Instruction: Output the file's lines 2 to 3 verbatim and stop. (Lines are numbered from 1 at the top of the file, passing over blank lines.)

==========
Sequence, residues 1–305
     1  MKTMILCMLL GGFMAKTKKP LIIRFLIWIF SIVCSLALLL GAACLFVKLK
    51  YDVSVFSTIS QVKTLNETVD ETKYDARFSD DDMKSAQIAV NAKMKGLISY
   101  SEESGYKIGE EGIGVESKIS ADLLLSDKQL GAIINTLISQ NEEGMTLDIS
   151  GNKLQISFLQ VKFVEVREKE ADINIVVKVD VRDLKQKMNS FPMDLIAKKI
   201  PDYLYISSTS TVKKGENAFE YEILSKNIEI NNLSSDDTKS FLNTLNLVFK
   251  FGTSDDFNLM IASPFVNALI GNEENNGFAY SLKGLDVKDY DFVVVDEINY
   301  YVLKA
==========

     1  MKTMILCMLL GGFMAKTKKP LIIRFLIWIF SIVCSLALLL GAACLFVKLK
    51  YDVSVFSTIS QVKTLNETVD ETKYDARFSD DDMKSAQIAV NAKMKGLISY